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Good News for Libraries in Latest Round of DMCA Exceptions

Last Updated on October 29, 2012, 5:44 pm ET

Last Friday the Librarian of Congress officially issued the latest iteration of rules (here) describing exceptions to the general rule in the Digital Millennium Copyright Act (DMCA) that it is unlawful to break digital locks (also known as technical protection measures (TPMs) or digital rights management (DRM)).


The law requires that every three years the Copyright Office seek information about noninfringing uses that are frustrated by digital locks, and based on submissions from the public, recommend exceptions to the Librarian, who issues a final order with classes of works that can be unlocked. This time around, two rule changes should be of particular interest to research libraries.

First, there is a significantly expanded exception to allow breaking digital locks on ebooks in order to facilitate access for the print disabled. The rule passed in 2010 (renewed by the Librarian, against the recommendation of then-Register of Copyrights Marybeth Peters) allowed breaking DRM to make ebooks accessible only if there was no accessible version available on any platform, anywhere in the market. Under the old rule, a print-disabled person who already owns an e-reader but who needs access to a work that is only accessible on a competing platform would have to buy a second e-reader (most likely an iPad, starting at $329), rather than crack the version on the reader she owns. There is no such requirement in the new rule; as the Librarian acknowledges, the market reality is that owners of a particular e-reader are effectively locked in to only purchasing ebooks on that platform, rendering the availability of accessible versions on other platforms irrelevant. Now a print-disabled reader can break the digital lock on any lawfully acquired ebook in order to make it accessible.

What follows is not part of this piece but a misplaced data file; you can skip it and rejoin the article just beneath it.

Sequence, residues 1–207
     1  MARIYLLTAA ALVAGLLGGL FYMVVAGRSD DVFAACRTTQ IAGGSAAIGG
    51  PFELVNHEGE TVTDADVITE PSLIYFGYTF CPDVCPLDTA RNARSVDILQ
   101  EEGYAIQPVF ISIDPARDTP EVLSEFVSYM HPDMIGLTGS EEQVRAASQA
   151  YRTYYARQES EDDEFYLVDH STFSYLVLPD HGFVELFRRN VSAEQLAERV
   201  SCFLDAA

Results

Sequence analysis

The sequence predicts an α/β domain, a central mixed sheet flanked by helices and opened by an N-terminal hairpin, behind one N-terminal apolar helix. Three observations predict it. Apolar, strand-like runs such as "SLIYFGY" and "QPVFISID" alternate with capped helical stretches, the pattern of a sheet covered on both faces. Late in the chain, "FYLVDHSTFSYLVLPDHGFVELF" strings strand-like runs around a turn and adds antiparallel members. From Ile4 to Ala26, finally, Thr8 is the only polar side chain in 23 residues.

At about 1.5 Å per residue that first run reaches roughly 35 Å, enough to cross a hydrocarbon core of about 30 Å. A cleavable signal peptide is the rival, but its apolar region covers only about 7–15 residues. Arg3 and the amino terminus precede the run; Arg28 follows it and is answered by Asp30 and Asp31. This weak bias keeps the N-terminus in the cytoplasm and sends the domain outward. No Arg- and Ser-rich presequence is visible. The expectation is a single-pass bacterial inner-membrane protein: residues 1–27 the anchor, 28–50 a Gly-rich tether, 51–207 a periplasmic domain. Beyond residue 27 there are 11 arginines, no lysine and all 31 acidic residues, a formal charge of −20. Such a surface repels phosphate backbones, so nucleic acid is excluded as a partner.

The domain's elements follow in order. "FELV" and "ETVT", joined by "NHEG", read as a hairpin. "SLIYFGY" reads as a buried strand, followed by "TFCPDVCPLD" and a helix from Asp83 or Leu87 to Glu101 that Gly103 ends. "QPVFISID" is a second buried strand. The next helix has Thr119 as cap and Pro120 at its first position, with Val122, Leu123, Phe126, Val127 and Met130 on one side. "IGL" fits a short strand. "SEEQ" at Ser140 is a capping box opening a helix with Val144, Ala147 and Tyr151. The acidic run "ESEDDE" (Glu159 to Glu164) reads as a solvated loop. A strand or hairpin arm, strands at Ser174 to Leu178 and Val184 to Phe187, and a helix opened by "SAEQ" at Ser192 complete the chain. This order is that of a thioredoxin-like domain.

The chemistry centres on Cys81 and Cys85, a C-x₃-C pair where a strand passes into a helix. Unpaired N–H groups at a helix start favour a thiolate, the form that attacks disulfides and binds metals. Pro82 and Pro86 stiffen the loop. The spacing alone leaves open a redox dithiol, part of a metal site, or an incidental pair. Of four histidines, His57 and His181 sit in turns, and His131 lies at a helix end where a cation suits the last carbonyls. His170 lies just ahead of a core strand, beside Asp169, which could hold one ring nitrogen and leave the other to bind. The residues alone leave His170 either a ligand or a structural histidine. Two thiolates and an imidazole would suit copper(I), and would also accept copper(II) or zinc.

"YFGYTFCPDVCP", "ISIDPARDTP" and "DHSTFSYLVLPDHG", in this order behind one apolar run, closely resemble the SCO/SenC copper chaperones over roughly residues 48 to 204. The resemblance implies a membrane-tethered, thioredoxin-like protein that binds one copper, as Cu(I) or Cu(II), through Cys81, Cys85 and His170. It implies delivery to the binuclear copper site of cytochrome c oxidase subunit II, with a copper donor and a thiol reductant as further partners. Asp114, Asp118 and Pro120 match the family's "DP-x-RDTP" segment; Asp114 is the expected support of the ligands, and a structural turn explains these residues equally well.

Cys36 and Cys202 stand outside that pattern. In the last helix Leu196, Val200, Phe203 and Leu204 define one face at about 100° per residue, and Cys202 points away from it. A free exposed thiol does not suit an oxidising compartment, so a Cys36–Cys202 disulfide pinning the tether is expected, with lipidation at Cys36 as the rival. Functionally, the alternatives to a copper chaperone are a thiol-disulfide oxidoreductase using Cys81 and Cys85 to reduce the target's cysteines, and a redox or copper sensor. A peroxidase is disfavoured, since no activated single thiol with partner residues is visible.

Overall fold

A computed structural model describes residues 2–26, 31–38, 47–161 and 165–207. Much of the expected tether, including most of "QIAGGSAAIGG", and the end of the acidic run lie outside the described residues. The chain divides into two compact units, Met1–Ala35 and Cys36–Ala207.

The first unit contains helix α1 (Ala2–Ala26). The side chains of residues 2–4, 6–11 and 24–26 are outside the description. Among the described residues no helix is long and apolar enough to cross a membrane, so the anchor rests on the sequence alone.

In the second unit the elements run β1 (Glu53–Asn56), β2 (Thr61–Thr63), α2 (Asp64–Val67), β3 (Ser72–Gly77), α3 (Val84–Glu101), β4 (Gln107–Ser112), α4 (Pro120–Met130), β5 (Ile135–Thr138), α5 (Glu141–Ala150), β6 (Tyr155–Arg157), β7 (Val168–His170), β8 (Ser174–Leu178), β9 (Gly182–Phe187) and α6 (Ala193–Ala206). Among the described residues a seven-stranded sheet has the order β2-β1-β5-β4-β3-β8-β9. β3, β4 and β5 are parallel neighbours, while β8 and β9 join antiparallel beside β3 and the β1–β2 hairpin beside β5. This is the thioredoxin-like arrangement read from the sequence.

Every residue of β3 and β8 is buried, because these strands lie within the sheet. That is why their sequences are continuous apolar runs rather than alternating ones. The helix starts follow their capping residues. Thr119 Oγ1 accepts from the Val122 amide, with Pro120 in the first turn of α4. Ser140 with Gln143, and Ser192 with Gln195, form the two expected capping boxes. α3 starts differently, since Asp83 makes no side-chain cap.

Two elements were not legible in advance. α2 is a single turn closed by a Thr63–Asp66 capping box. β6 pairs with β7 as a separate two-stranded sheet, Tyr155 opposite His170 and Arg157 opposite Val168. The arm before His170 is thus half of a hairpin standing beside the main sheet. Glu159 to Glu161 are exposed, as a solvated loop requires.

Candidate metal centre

(There is some confusing language about ensuring that “the rights owner is remunerated,” but as I read the full rule making, all that this requires is that each print-disabled user lawfully acquire her own copy before cracking it to make it accessible. I.e., the rule is meant to prevent digital locks from being a barrier to access, but it is not meant to exempt the print-disabled from having to buy or otherwise lawfully acquire ebooks.)

The new rule also applies to ebooks obtained and used by an “authorized entity” as defined by Section 121 of the Copyright Act, aka the Chafee Amendment. This rule has broader application today than it might have had a month ago, as the court in Authors Guild v. HathiTrust clarified recently that every university library can be an “authorized entity” under Section 121. Therefore, this rule, together with the ruling in HathiTrust, should allow research libraries to make ebooks accessible for all of their patrons, even if it requires breaking DRM. At the same time, the report notes that the Register of Copyrights believes Section 121 is growing out of date and would benefit from a more comprehensive update. Given the broad scope for fair use as a right for libraries to provide access for the disabled when markets fail, which was strongly expressed in the ARL Code of Best Practices in Fair Use for Academic and Research Libraries and then ratified in the HathiTrust decision, we will have to watch closely to ensure that any proposed change to Chafee is an improvement and not a regression from the status quo.

Second, the exception for using video materials is significantly expanded. The rule passed in 2010 applied to all professors and some students (those studying film) at the college level, and it allowed breaking locks on DVDs in order to take short clips for criticism and commentary. The new rules add college students studying subjects other than film, k-12 teachers, and authors of multimedia works of criticism (i.e., ebooks), among other users, and the new rules apply to files purchased online as well as to DVDs.

There is an interesting change in the description of appropriate uses, which now requires that educational users be engaged in “close analysis” of the captured excerpts in order to justify use of the decrypted digital stream. Where high quality images are not necessary to the analysis, the rules suggest, the user should use “screen capture” technology that does not break encryption, but rather copies lower-quality video after it has been decrypted by an authorized player—i.e., machines that exploit the so-called “analog hole” in digital encryption systems. Whether the use of such technologies is itself permissible under the DMCA has been the source of some controversy, so the new rules also include an exception covering the use of screen capture technology for the same purposes as decryption. Whether a particular use requires “close analysis” is a difficult and subjective determination, which should ultimately leave the choice to the discretion of the user.

The complete rules and other relevant material can be found at http://www.copyright.gov/1201.